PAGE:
As a Canadian in Silicon Valley, venture capitalist Ann Hanham has done it all. Her distinguished résumé includes taking the first stem cell device for approval to the Food and Drug Administration, as well as taking public a number of companies.
But after being away for over two decades, Ms. Hanham is coming home – not because the venture capital business in Canada is thriving, but because it isn’t. And she wants to change that.
“It is heartbreaking that so much talent and so much brilliant research isn’t being commercialized,” says Ms. Hanham from San Francisco, where she is currently a managing director at Burrill & Company, a venerable venture capital firm that invests money on behalf of partners such as Unilever NV, Archer- Daniels-Midland Co. and Nestlé SA.
The numbers tell a grim story. In 2000, the height of venture capital activity in this country, $5.9-billion was invested in 1,007 Canadian startups, according to Thomson Reuters. Last year, just $1.5-billion was raised by 444 Canadian firms.
To improve that dismal record, Ms. Hanham is putting her Silicon Valley contacts and experience to work. Her goal: assemble a $200-million biotechnology and life sciences fund that invests in both stellar university research as well as burgeoning companies in industrial chemicals, agricultural biotechnology, life sciences and biofuels that need capital. She is moving back to the country to run it.
For her, this endeavour isn’t about the money to be made. It’s about rescuing all the Canadian research that is created, only to die.
Canada’s spending on science research and development, per capita, is in the top tier globally – a recent report pegged federal R&D spending at $7-billion, largely through tax credits – but its return on those investments is practically negligible. Our universities have some of the brightest minds around, but very little of their work sees the light of day.
“It’s so obvious when you go to Toronto or other [Canadian]places that there’s way more technology than there is money to fund it,” said Mike Powell, general partner at venture capital firm Sofinnova Ventures in Silicon Valley. Originally from Toronto and armed with a PhD in physical chemistry from the University of Toronto, he now lives in California and keeps up with what’s happening back home.
Governments and angel investors – typically wealthy individuals who invest in startups – fund a lot of early-stage research that typically results in prototypes. But as soon as a Canadian biotech company needs more than $10-million to grow, there is almost no way to get it from domestic sources.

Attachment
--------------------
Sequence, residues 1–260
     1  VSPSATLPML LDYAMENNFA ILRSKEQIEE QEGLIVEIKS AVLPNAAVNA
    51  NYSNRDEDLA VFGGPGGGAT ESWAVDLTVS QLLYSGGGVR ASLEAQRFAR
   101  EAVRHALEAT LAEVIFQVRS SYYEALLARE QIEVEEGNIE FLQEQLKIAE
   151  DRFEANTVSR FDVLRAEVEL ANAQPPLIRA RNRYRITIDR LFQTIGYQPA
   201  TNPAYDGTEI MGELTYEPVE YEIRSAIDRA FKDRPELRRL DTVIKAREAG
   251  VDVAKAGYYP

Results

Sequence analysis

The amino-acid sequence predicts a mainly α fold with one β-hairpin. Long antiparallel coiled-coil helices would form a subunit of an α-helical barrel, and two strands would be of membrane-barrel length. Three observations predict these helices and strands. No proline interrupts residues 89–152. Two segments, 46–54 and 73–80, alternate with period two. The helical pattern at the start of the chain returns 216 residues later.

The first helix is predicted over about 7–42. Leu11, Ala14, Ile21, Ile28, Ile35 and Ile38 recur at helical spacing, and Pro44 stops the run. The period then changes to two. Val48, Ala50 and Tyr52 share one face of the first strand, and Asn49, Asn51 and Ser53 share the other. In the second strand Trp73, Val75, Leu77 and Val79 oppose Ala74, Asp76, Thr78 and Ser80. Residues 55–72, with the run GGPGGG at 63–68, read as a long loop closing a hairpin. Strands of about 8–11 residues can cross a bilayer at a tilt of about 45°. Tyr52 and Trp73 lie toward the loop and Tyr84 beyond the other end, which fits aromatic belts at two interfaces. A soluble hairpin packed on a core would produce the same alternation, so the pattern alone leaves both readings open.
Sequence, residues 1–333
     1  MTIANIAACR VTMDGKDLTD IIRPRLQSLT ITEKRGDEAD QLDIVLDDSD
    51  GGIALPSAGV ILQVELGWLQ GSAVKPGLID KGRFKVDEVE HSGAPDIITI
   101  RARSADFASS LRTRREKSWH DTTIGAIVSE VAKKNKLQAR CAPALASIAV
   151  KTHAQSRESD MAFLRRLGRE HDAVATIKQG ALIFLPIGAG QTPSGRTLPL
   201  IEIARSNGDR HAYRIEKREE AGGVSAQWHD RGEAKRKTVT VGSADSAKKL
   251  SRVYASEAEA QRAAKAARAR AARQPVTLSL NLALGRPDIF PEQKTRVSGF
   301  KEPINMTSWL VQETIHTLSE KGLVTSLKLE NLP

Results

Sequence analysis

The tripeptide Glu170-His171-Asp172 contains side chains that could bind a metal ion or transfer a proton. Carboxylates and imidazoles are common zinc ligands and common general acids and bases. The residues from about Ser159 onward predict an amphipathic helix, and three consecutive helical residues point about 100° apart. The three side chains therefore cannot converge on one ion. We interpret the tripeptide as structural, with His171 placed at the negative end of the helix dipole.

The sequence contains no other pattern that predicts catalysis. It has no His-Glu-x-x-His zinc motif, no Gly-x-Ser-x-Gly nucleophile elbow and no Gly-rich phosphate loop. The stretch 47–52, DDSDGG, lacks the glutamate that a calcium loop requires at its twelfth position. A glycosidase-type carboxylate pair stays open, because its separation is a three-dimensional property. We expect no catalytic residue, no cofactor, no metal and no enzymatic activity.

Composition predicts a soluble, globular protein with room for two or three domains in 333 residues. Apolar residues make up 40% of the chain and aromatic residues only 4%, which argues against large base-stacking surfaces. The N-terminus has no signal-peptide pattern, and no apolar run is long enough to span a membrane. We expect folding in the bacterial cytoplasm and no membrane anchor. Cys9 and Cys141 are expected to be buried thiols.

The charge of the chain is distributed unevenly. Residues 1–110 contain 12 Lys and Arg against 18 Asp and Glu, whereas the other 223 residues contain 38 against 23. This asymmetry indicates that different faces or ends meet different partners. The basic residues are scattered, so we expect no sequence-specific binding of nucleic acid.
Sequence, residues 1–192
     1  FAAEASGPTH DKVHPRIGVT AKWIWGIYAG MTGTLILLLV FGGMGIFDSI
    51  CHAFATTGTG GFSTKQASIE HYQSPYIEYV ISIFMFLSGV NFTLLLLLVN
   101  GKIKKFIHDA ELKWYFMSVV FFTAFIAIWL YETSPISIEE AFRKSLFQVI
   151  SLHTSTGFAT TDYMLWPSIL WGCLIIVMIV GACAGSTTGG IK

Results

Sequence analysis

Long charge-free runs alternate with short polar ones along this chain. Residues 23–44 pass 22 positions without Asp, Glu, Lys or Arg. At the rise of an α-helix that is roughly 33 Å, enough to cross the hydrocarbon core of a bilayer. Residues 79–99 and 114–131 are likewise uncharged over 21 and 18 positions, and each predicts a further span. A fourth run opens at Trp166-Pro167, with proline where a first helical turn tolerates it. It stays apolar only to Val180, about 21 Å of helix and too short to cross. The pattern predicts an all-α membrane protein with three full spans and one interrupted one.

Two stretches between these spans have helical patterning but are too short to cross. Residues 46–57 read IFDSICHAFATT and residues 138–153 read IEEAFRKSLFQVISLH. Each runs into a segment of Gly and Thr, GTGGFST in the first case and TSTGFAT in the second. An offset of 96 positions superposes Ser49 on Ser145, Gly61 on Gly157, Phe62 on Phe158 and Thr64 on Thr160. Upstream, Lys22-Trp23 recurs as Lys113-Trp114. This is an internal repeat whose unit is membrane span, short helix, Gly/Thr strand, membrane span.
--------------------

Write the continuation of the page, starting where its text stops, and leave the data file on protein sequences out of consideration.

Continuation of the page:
Typically, successful small biotechnology companies that receive venture capital funding ultimately go public, allowing their private backers to exit, or they get sold to a pharmaceutical behemoth or other corporate buyers, such as Monsanto Co. In these markets, IPOs are hard to swing even for larger, more established companies, and corporations won’t spend wildly because of economic constraints. That means early backers have trouble cashing in profits.
Because so many potential sources of money have vacated the field, the Ontario government has flirted with proposing a venture capital tax credit of up to 35 per cent. But that can only accomplish so much. Investors must take big risks to get involved in startups, and to date few have been willing.
From afar, the easy answer is asking Canada’s behemoth pension funds to step up. But in 2001 the federal government changed its rules and allowed these funds to hold a greater percentage of foreign investments. With the whole world to invest in, there’s less reason for them to put money into small Canadian upstarts.
Life sciences and biotech are at a particular disadvantage. Other tech startups, like mobile phone app developers, have a lot of media hype around them right now, and their products are also easier for an investor to understand than, say, a new molecule used to treat pancreatic cancer. Science research also requires more funding over a longer period of time. On average, a life sciences startup will need $100-million to $120-million before it develops its product enough to be sold or go public.
Nick Galakatos, managing partner at Clarus Ventures in Cambridge, Mass., says life science venture capital investors are more timid in this environment. These days, they require a startup to be further along in its development before they offer up some cash. Rather than invest on a bold idea, they might look for products that have already been tested on dozens of patients.
Yet studies that have shown that investing in life sciences and biotech can actually yield better returns than other forms of technology. A study by Bruce Booth and Bijan Salehizadeh published in the science journal Nature America found that from 2000 to 2010, health care venture investing yielded an average return of 15 per cent for investors who have sold their shares, substantially more than the technology venture sector.
Ms. Hanham thinks Canadian firms can show that kind of growth, as long as they are taught to think about marketing across borders. “Every company that this fund will invest in will go global from day one,” she says.
U.S. firms now have to do the same, something they aren’t used to. Because North America was the historical leader in development, the continent’s life sciences startups don’t think to look for competition outside their borders. Recently, a Canadian firm approached Ms. Hanham with a solid business plan, and she replied: “Well, this is great, but do you know there’s a company in Singapore that’s two years ahead of you?”
“I spend a lot of time in Asia, and I can tell you, they’re going to eat our lunch if we don’t get moving,” she says.